However, it's important for you to know that the park has no lakes or creeks you can drive to. The park has very steep, rugged terrain and most fishing ventures into Coe's backcountry require a considerable expenditure of time and energy. To go beyond the relatively close-in lakes (Bass Pond and Frog Lake), you'll be faced with elevation gains (and losses) in thousands of feet.

Henry Willard Coe State Park is located near Gilroy, Milpitas and Morgan Hill
Nearby Parks


The park has over 250 miles of hiking trails and old ranch roads that can be traveled in all seasons. Hikes in the park range from leisurely loops of about a mile and a half with little elevation variation to highly ambitious backpacking loops of 50 miles or more with elevation gains and losses in thousands of feet.

On long hikes, be sure to take plenty of water and food. Some of the trails and roads on the more strenuous hikes are incredibly steep, which can make for slow going and trips that turn out to take longer than you thought they might. On warm days, take more water than you think you'll need, and don't forget to carry a map with you. Coe Park is a huge wilderness, and it's not that hard to take a wrong turn and get lost.


You could easily plan a week-long trip, hiking 10 miles a day and camping at a different site every night. The park has space for over 60 backpacking parties, with a maximum of eight people per party. Sites range from less than a mile to over 20 miles from park headquarters. The campsites are assigned on a first-come, first-served basis, but you're almost always likely to get a good campsite, even during the lovely, busy months of spring.

Mountain Biking:

The park has 100 miles of roads and trails that are open to mountain bikes. The rugged terrain offers a variety of riding options ranging from moderately difficult to extremely difficult. There are practically no easy trails for bikes.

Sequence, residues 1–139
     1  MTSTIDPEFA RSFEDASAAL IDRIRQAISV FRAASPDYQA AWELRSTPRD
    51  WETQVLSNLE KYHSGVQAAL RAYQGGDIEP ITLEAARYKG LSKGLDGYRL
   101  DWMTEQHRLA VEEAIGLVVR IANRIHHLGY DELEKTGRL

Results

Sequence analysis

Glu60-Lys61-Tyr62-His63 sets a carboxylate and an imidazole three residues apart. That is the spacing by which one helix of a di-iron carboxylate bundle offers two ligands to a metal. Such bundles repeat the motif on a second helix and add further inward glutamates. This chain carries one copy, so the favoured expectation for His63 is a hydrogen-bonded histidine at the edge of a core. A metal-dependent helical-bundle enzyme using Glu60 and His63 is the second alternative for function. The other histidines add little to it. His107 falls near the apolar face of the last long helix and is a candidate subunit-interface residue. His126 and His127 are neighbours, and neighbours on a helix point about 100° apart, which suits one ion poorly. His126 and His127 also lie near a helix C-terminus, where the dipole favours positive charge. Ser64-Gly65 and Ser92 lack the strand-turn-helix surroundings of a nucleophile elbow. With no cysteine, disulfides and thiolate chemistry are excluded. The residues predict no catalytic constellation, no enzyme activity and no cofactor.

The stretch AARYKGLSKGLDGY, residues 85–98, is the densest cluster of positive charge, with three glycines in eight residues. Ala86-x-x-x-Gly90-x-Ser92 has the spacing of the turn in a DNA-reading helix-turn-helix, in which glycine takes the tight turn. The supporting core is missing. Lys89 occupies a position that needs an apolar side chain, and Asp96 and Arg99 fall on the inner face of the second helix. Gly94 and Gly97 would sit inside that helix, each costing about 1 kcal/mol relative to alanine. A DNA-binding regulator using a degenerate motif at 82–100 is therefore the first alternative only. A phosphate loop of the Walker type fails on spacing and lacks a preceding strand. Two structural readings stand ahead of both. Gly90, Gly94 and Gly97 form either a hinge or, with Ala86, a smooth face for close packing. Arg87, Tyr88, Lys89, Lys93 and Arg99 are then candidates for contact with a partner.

Horseback Riding:

With over 80,000 acres of ridges and canyons and gorgeous views, Coe Park is a wilderness paradise for equestrians. If you plan to venture more than a few miles into the park, you and your horse should be in excellent physical shape and you should be prepared for steep, rugged terrain.

There are eight designated horse camps in the park, and each of them has a set of pipe corals that will hold at least two horses.

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Area Campgrounds
Coyote Valley RV Resort
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Maple Leaf RV Park
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Parkway Lakes RV
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Uvas Pines RV Park
13210 Uvas Road
Morgan Hill, CA
Gilroy Garlic USA RV Park
650 Holloway Road
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Morgan Hill RV Resort
12895 Uvas Road
Morgan Hill, CA
Nearby Hotels

13-miles east of Morgan Hill on East Dunne Avenue. From Highway 101 in Morgan Hill (1/2 hour south of San Jose), take the East Dunne Avenue exit and go east past Anderson Lake to the end of the county road to the park headquarters. The road to the park beyond Anderson Lake is 10 miles of narrow winding road. The trip will take about 30 minutes.
Nearby Parks

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California State Parks